We must make cleaner hospitals a health priority

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The Independent Online

It is a paradox that a microbe which acquired its name because it was so difficult to grow in the laboratory has become one of the fastest growing hospital infections in Britain. But the emergence of a "superbug" strain of Clostridium difficile is causing major problems for the National Health Service in general and for Stoke Mandeville Hospital in particular. Twelve people have died and a further 300 have been infected since an outbreak there began in 2003.

It is a paradox that a microbe which acquired its name because it was so difficult to grow in the laboratory has become one of the fastest growing hospital infections in Britain. But the emergence of a "superbug" strain of Clostridium difficile is causing major problems for the National Health Service in general and for Stoke Mandeville Hospital in particular. Twelve people have died and a further 300 have been infected since an outbreak there began in 2003.

As this newspaper reported on Monday, the bug is posing a grave threat to the NHS because it is yet another potentially deadly infection that can quickly sweep through a ward full of sick people. For the past 18 months, Stoke Mandeville has battled against the bug with little success. Disturbingly, the extent of the infection received little or no wider publicity.

Strictly speaking, the strain of C. difficile in question is not a superbug because it is not resistant to antibiotics. This means it is readily treated if diagnosed early. Yet the bug has proved highly resistant to total eradication from a hospital owing to the bacterium's ability to produce hardy spores. These can linger for days on the floors and walls of a ward that has not been cleaned thoroughly with soap, water and disinfectant. The spread of the bug can therefore be linked directly with hospital cleanliness as well as the personal hygiene of staff and patients.

It is now mandatory for hospitals in Britain to report the infection when it is detected. This is a sensible and long-overdue measure, especially as reports from Canada and the United States have described the emergence of an even deadlier strain of the microbe that releases highly unpleasant toxins into the gut. Indeed, the outbreak at Stoke Mandeville may eventually be linked directly with this American strain.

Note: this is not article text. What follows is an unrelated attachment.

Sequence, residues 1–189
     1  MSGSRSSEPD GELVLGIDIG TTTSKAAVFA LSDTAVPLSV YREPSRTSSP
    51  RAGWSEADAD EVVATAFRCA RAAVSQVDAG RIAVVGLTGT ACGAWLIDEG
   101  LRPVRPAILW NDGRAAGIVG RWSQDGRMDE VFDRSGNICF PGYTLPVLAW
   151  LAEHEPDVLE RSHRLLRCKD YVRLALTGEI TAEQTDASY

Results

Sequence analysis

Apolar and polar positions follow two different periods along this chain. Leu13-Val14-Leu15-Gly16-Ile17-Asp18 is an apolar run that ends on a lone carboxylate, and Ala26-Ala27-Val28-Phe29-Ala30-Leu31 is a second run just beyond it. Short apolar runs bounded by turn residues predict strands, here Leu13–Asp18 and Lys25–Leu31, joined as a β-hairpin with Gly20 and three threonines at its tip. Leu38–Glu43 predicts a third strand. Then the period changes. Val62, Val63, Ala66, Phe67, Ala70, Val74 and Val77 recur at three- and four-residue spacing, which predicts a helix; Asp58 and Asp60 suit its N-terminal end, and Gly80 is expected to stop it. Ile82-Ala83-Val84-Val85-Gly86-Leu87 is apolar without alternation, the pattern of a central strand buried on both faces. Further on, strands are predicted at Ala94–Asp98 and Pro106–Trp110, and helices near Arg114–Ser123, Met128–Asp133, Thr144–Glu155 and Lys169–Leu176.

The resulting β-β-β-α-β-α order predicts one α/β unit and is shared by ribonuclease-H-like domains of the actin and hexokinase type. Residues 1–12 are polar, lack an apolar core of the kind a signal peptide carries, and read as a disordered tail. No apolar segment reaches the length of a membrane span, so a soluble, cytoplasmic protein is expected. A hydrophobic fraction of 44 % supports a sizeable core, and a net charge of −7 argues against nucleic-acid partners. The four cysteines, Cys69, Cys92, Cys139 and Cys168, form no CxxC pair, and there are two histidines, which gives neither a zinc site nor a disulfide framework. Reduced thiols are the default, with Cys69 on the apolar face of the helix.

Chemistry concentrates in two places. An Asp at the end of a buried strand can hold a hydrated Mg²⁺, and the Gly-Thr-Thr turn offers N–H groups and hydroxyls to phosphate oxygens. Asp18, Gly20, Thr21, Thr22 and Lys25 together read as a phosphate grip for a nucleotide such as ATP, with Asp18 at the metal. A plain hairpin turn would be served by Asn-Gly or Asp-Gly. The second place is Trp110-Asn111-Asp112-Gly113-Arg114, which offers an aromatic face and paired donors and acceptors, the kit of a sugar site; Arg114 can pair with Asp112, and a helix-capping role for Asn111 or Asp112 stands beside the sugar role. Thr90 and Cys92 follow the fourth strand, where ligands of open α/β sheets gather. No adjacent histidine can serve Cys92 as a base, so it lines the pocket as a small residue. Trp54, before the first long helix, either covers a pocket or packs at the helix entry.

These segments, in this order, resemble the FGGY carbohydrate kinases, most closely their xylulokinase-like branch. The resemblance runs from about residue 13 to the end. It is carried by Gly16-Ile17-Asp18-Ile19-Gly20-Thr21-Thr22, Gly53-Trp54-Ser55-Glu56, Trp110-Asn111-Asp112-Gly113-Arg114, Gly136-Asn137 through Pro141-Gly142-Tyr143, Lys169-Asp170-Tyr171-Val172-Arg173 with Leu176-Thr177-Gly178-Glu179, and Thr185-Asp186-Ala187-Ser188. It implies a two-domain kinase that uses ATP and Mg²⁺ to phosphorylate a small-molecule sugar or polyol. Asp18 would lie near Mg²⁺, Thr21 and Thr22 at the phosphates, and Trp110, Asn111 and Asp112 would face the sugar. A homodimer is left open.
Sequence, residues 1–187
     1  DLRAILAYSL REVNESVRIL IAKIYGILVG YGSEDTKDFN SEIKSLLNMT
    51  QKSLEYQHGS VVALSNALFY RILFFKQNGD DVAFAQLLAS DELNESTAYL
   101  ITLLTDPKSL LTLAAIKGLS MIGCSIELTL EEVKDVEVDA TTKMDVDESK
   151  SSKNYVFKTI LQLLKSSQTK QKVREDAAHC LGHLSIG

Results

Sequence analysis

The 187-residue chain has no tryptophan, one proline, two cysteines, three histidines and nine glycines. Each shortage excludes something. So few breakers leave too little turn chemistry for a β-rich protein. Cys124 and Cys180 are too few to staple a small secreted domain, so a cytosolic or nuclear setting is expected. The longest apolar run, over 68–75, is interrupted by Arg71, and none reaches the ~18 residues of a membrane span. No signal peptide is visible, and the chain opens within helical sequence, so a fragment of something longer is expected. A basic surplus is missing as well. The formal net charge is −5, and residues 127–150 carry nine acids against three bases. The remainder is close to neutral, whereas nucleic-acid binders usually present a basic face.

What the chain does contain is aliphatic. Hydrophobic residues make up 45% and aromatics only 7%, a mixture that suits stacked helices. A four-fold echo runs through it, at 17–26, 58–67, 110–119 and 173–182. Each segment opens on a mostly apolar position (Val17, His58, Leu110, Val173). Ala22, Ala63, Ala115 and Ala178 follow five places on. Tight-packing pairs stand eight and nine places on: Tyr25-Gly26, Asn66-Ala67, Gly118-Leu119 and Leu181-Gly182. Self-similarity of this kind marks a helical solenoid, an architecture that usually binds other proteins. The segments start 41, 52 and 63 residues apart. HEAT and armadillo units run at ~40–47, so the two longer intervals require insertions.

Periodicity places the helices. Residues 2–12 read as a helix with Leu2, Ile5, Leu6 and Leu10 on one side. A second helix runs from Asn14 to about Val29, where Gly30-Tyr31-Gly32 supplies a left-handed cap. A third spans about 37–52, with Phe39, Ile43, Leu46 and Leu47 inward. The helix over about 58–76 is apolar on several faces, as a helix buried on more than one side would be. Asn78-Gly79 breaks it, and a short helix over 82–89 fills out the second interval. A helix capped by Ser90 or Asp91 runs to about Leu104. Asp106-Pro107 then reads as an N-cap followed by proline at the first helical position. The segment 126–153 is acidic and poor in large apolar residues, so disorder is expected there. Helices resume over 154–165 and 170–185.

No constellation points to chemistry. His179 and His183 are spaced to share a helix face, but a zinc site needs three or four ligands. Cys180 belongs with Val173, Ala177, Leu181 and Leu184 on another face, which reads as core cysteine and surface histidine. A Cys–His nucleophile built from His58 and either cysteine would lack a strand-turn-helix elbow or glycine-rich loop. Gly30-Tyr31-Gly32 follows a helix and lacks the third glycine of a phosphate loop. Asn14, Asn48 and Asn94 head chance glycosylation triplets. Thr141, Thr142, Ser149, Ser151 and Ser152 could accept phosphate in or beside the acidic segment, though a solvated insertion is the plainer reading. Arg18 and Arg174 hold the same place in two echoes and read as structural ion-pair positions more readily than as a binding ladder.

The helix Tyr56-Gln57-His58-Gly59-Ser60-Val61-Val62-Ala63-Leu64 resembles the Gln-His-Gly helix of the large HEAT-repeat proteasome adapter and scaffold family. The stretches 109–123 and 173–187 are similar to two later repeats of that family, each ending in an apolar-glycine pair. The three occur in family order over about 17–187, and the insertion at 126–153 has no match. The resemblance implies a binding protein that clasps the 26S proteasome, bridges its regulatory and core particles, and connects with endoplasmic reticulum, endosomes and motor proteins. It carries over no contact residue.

The explosive growth of C. difficile in Britain can be matched by the rise in incidence of a true superbug, methicillin resistant Staphylococcus aureus (MRSA). While C. difficile has soared from fewer than 1,000 cases in 1990 to 43,672 cases in 2004, MRSA has grown from virtually nothing to more than 5,000 cases over the same period of time. The latest figures show that the two bugs each killed more than 900 people in 2003.

Unfortunately, these sorts of statistics will only confirm many people's fears about staying in hospital. These risks will increase as the population gets older because elderly patients are more vulnerable to hospital-acquired infections. The average age of the patients who died at Stoke Mandeville was 85.

So what needs to be done? Cleaner hospitals should be a priority, even though some microbiologists say that dirty floors and walls are not necessarily the real problem. They argue that infections are spread more by dirty hands than by dirty wards. This seems to be the case with MRSA bacteria which are known to be passed more easily during physical contact between staff and patients than by contact with inanimate objects.

But the issue of C. difficile, whose spores can linger on dirty walls, floors and toilets for longer than other bugs, shows that meeting the target for cleaner hospitals must be more than a public relations exercise. It must be an absolute imperative. There is no point in the NHS curing people of one malady, only to have them fall ill or die from a hospital infection. If managers believe this can only be done by taking privatised hospital cleaning back in-house, as Stoke Mandeville has done (but only after their problems became public), they must be free to take that decision. The system - public or private - is secondary; the priority must be cleanliness, rigorously observed and monitored. Anything else is a false economy.

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